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BY HE RY ALEXA DER DOUGLAS
Rom. iz, 13. *< Ab it is written, Jacob have I loved, but Esau bave I hated." I the incident of which we read this morning in the first lesson, there is much that is instructive. Isaac, Rebekah, Jacob, Esau, were flesh and blood as we are. They lived, indeed, a great while ago, and undet circumstances which were different in many ways from those of our own time and condition. But they were human beings of like passions with ourselves, children of the one Creator, heirs of the game promises, beset by kindred temptations, ready to be caught in like snares. Let us consider, then, the conduct of these two brothers, but especially of Jacob, as here recorded for our learning, and let us endeavour to extract from it some out of the many lessons which it is calculated to teach ourselves. The circimistances are these. Isaac, now an old man, his eyes dim so that he could not see, was' anxious to bless his eldest son Esau, and to bestow on him those gifts of earthly honour and prosperity which would have followed as a consequence of his blessing and prayers. Rebekah was no less anxious that the fortune which Isaac desired for Esau should c Digitized by ^OOQ IC^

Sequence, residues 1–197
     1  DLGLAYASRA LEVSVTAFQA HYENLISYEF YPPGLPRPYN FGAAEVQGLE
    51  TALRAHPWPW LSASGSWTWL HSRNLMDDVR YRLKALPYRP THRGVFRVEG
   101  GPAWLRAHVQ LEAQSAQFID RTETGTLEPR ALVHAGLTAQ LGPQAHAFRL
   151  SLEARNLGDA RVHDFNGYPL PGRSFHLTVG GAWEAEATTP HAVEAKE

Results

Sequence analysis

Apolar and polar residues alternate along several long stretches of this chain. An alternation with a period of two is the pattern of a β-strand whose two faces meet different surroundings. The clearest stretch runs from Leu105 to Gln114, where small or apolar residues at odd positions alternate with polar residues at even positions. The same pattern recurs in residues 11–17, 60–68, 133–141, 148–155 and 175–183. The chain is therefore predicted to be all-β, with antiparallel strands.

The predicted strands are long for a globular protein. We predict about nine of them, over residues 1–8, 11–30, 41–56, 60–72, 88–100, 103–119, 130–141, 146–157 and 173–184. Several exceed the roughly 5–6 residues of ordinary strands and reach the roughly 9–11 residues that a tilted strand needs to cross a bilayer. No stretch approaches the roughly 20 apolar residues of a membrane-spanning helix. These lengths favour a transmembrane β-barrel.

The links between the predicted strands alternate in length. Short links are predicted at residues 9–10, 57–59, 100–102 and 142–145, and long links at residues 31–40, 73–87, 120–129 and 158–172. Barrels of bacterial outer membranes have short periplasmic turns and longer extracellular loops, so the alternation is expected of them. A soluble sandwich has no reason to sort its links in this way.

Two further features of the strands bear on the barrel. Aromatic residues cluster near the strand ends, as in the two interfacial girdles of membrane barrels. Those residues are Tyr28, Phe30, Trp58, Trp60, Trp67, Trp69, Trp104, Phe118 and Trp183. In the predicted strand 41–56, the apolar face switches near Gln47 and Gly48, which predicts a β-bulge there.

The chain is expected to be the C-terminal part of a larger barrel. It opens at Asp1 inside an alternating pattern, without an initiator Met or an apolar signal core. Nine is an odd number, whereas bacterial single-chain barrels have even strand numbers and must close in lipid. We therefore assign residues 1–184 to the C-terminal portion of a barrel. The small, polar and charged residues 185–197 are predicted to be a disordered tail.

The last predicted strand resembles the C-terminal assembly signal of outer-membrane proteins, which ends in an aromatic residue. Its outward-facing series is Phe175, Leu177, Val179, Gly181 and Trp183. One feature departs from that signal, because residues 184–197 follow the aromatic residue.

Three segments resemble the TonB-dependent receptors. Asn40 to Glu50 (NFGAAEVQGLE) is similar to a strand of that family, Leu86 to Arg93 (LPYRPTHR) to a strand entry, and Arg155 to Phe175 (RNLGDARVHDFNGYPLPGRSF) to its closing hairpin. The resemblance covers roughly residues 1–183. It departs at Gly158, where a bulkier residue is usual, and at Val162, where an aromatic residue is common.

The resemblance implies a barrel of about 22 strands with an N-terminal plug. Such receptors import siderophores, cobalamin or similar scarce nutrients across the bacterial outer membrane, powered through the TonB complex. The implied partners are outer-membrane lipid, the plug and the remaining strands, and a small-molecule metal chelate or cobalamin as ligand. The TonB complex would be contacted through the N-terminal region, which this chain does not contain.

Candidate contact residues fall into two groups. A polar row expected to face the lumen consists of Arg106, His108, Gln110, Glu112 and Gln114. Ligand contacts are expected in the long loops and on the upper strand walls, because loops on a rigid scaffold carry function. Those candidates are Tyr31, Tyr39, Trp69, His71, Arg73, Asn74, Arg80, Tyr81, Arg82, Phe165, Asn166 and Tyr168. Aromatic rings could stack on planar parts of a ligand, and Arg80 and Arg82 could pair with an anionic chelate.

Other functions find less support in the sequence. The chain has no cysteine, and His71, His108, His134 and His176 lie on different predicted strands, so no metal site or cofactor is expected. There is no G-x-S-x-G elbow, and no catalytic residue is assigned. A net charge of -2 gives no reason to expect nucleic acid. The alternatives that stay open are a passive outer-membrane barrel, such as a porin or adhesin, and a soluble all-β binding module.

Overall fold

26 JACOB A P ESACJ. [SERM. descend upon her favoured 8on Jacob. Taught by God, at the time of their birth when the twin
children struggled within her, that the younger should be greater than the elder, and bound to the younger by sympathies with a character which was very like her own, in its outline and more prominent features, not only did she wish that Jacob should prosper, but she was ready to employ artifice to carry out God's predetermined end. Accordingly, she persuaded Jacob to personate his brother Esau. It was not easy to do this, although the aged Isaac was now blind. It could only be accomplished by steady and unblushing falsehood, both in act and deed. But Rebekah was a politic woman; and policy can soon slide into craft, and craft into artifice, and artifice into deceit, and deceit into falsehood, and falsehood into black hypocrisy. The deed, therefore, was soon done. Jacob passed for Esau, and the blessing of Isaac descended upon the younger brother's head. Then appeared Esau. But he was too late. The blessing was gone from him. The good for which he longed was flown away. " And Esau lifted up his voice and wept." But Esau had no right to weep. Before^ this he had sold his birthright. He had despised that high blessing which God bestowed on Abraham. He had profanely rejected the gi^eat honour which was promised by God when it was said, " In thee shall all the families of the earth be blessed." To be the ancestor of the Messiah was a good which Esau did not value. And he who had scorned the birthright had justly forfeited the blessing. He had lost his title to the goods of earth when he had trodden under foot the goods of heaven. It was wrong, no doubt, in Jacob to win Digitized byCjOOQlC
III.] JACOB A D ESAU. 27 by subtlety a good which would certainly have come